Department of Fish and Wildlife

Rainbow steelhead trout leaps out of the water.
Vermont Fish & Wildlife, Courtesy

Once a year, for about 10 days from mid-April through early May, nature offers a free show that provides viewers the chance to "oooh" and "aaah." It's the steelhead rainbow trout run, when the fish hurtle up the falls to get upstream to spawn.

A coyote walks in snowy wooded area.
LeFion / iStock

Debate keeps raging over coyote hunting in Vermont — both about the ethics and the impact on the local ecosystem.

Yet another appointee of Democratic Gov. Peter Shumlin will be keeping his job under the administration of Republican Governor-elect Phil Scott.

Scott announced in an email Thursday evening that Louis Porter will stay on as commissioner of the Department of Fish and Wildlife, a post he’s served in since April of 2014. Porter, a former journalist at the Rutland Herald and Times Argus, previously served as Shumlin’s secretary of civil and military affairs.

Vermont's rifle season is underway, and hunters have been up before dawn trying to bag a buck. And this year, wardens are enforcing a new ban on the use of natural urine-based scent lures. 

Mark Scott / Vermont Fish and Wildlife

While rifle hunting season is still a week away, around 7,000 young Vermonters will be getting the chance to hunt for deer this weekend.

Courtesy The Nature Conservancy

Conservation biologists say that the good news for wildlife is there are still extensive tracts of forest habitat in the northeast. Yet as humans have built up roads and housing developments, crossing between key habitat areas — such as from the Adirondacks to the Green Mountains — can be a dangerous trip for a moose or a bear.   

e_chaya / Flickr, https://flic.kr/p/4wMeCa

New England governors and eastern Canadian premiers last week signed a resolution on climate change. 

Toby Talbot / AP

Vermont Fish and Wildlife recently announced a policy change that will allow anglers to once again wear felt-soled waders after a five-year ban. It marks a change in the state's approach to dealing with one damaging aquatic algae: didymo, also known by the much more colorful name of "rock snot."

Courtesy of the Vermont Department of Fish and Wildlife

The Department of Fish and Wildlife is using cameras to study how bears will react to a new commercial wind project in southeastern Vermont.

Angela Evancie / VPR

Vermont's Department of Fish and Wildlife is warning people about a potentially growing outbreak of canine distemper among wild animals in central Vermont.

Taylor Dobbs / VPR/file

Vermont’s deer hunting rifle season begins on Saturday morning.

This year, the Department of Fish and Wildlife is asking hunters to send them the middle incisor teeth of deer that are killed.

A salmon held with a gloved hand and the fish has a scar on its torso from a lamprey.
Kathleen Masterson / VPR File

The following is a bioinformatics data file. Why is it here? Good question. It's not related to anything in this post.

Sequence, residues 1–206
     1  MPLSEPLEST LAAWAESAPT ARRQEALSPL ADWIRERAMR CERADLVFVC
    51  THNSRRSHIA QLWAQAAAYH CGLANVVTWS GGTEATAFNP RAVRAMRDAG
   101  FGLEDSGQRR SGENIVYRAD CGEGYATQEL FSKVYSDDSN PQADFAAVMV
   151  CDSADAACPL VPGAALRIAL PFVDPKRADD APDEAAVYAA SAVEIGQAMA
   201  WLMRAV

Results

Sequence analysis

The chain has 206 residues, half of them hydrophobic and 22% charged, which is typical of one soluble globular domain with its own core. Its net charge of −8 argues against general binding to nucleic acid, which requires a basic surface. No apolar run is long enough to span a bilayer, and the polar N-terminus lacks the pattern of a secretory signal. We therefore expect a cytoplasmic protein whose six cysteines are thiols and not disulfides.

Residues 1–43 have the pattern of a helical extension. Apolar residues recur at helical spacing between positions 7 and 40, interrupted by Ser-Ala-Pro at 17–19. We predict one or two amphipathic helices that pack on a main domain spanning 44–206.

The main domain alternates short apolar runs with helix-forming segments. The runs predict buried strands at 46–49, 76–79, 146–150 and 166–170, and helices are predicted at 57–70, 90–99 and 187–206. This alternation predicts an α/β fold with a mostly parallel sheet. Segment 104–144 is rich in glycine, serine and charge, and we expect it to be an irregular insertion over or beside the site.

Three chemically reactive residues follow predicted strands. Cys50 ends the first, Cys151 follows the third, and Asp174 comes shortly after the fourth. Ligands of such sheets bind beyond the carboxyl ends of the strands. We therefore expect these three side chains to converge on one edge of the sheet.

At a Vermont Fish and Wildlife sampling station in South Hero, a tiny brook is alive with splashing dorsal fins. It's full of landlocked Atlantic salmon from Lake Champlain fighting their way upstream to spawn. This year, the fish are arriving in record numbers.      

Toby Talbot / AP

Hunting license sales have been on a steady decline in Vermont over the last few decades, mirroring a trend seen in many states around the country. License fees account for a significant portion of the budget for Fish and Wildlife departments. So the declining numbers of hunters negatively impact those budgets, and fee increases can't keep pace with the increasing costs of research and enforcement.

Tom Rodgers

Vermont may not have a lot of pink-kneed tarantulas, bearded dragons, Burmese pythons or brown caymen. But when there are reports made that one needs to be captured or confiscated, efforts are made to get that animal out.

The gloved hand of a biologist holds a little brown bat in Vermont.
Jane Lindholm / VPR File

A muggy summer evening in Vermont, in a swampy area, just as the sun is going down and the mosquitoes are thick in the air might not sound like a good place to hang out. But it's ideal if you're a little brown bat. Or a bat researcher. 

James Boase / U.S. Fish and Wildlife Service

Every fisherman has a story about the "one that got away." But Chet MacKenzie is dedicated to making sure that this particular species of fish in Lake Champlain doesn't get away – or disappear. 

Lemon Fair Wild Life Management Area gains 330 acres. Milton has a new town manager. The Vermont Agency of Agriculture announces a free breakfast on the farm event.

A controversial state-owned shooting range in Hartland will re-open on Thursday, following renovations and with new rules.

Charlotte Albright / VPR/file

As the state prepares to re-open a controversial shooting range it owns in Hartland, a rift has developed within the Fish and Wildlife Board. One board member says the site is unsafe, but the commissioner strongly disagrees.

twildlife / iStock

The Vermont Department of Fish & Wildlife spent three years taking input on proposed changes to deer hunting rules, and the process has finally yielded changes that will go into effect in 2016. A ban on natural urine lures and expanded opportunities for hunting with crossbows are among the new regulations hunters will get used to.

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